The derivation of the pay-off matrix for all the strategies in Table 1 is given in Section A of the Supporting Information Text S1. We compute the abundance in the long run, as described in the Methods section. That is, we study a Moran process with exponential fitness mapping in the limit of rare mutations. The validity of the theoretical prediction here depends on an appropriate choice of population size () and continuation probability (), that guarantees that mutations are sufficiently slower than fixation events. In order to comply with such requirement we restrict ourselves to large values of , see Section B of the Supporting Information Text S1.

#### Uniform mutations.

For the uniform mutation structure, a mutation occurs with probability , and all other strategies have the same chance to be the result of one mutation step. The strategy chosen for reproduction does not undergo mutation with probability . The mutation kernel is thus an matrix with 's in the diagonal elements, and elsewhere. All strategies are reachable from each other via mutations. Panel A in Figure 1 shows the results with the standard assumption for population size . Strategy *TFT* is by far the winning strategy in a large region of the parameter space. This is consistent with the findings in [8]. Unconditional defection is the most popular strategy only for very strong selection.

Panel A shows uniform mutations, and Panel B shows the results for the bitwise kernel. Continuous lines represent the theoretical approximation. Dots represent simulation results averaged over 500 repetitions of generations each, and a mutation probability . Plus signs represent a larger mutation probability, . In this case of larger , which is harder to address analytically, the mutation kernel also affects the average abundance. Values for the game are , , , . The continuation probability is , and population size is .

#### Bitwise mutation.

We now assume that strategies are represented by the binary code, as described in Table 1. The digit stands for cooperation, and the digit stands for defection. The first digit codes for the initial action, the second digit determines what to do upon cooperation and the third digit determines what to do upon defection. This binary representation is common in disciplines like evolutionary computation [36]. Possible mutations are those between any two strategies that differ in one bit. Thus, the associated mutation kernel is given by(13)Any strategy in this kernel has only three neighbors, thus the mutation matrix is sparse. The structure of selection and mutation is depicted in Figure 2.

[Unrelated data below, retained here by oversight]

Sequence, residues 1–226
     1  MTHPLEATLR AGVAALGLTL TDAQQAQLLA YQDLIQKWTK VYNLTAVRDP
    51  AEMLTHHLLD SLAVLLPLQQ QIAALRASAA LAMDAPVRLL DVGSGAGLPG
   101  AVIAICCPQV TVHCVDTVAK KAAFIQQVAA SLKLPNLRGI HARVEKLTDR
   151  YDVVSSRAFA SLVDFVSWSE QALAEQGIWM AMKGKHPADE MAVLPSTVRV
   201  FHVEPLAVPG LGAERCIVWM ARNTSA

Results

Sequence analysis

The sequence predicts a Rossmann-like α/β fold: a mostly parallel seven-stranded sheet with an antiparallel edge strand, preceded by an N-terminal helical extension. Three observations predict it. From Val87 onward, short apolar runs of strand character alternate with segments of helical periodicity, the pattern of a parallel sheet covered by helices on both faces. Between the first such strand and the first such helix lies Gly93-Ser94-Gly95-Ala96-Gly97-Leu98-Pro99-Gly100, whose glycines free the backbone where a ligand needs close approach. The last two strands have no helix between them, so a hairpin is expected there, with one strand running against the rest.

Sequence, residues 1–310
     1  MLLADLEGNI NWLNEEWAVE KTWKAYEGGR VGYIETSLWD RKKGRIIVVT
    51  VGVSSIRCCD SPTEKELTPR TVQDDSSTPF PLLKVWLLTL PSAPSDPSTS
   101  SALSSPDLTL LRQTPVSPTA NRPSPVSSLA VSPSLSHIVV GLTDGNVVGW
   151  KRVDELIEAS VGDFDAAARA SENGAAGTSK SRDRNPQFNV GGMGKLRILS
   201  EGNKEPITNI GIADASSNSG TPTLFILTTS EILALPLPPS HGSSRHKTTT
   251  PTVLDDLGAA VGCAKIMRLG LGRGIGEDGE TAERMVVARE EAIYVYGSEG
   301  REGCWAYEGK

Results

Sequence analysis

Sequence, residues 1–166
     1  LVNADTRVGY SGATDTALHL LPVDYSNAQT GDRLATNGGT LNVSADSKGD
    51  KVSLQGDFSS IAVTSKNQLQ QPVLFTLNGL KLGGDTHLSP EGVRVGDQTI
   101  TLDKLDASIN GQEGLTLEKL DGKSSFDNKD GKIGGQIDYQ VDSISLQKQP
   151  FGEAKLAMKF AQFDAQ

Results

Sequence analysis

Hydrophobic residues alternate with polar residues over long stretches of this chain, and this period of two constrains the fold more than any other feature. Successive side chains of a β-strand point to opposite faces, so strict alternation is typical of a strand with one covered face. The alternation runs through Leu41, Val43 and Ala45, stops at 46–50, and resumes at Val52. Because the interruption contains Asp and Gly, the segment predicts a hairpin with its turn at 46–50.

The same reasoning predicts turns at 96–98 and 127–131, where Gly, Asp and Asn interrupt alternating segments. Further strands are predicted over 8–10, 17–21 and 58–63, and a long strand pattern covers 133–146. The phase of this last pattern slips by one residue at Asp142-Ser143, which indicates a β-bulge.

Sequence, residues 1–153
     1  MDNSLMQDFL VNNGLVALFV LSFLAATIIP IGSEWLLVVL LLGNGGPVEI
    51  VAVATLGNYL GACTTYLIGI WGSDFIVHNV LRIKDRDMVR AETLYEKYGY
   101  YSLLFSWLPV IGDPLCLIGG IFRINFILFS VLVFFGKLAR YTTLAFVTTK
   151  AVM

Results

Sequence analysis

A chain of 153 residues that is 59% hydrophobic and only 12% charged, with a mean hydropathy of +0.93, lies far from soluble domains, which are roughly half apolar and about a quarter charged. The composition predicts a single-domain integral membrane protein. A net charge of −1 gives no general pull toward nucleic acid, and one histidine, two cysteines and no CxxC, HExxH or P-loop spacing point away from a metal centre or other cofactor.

Arrows indicate the direction of selection, and dashed lines indicate neutral paths. Blue strategies are completely cooperative and red strategies are completely uncooperative when paired with themselves. The kernel structure shuts down paths that would normally be available with the standard assumption that all mutation paths are possible.

The results are shown in Panel B of Figure 1. Compared to the case of uniform mutations, the region of the parameter space where *TFT* is the most popular strategy has been sharply reduced. In particular, *ALLD* is able to beat *TFT* at a much lower intensity of selection. In this case, we see that a reasonable mutation kernel substantially reduces cooperation in the long run. This is illustrated in Figure 3. Our results are consistent with the findings of [21], where local mutation reduces the abundance of cooperative strategies. The main difference with that study is that we study a finite strategy set in a game that is not indefinitely repeated, and that our notion of locality naturally stems from the binary representation of strategies.

, , , . The continuation probability is , population size is , and mutation probability is . Continuous lines are theoretical approximations for small mutation rates and dots represent simulation results.

The results of the bitwise kernel are of course invariant to changing the meaning of each position (e.g., the last bit, instead of the first, determines what to do in the first round), or changing the meaning of each bit (e.g., cooperation is coded by instead of ). Neighborhoods are preserved under any scheme that codes the strategies in a binary fashion.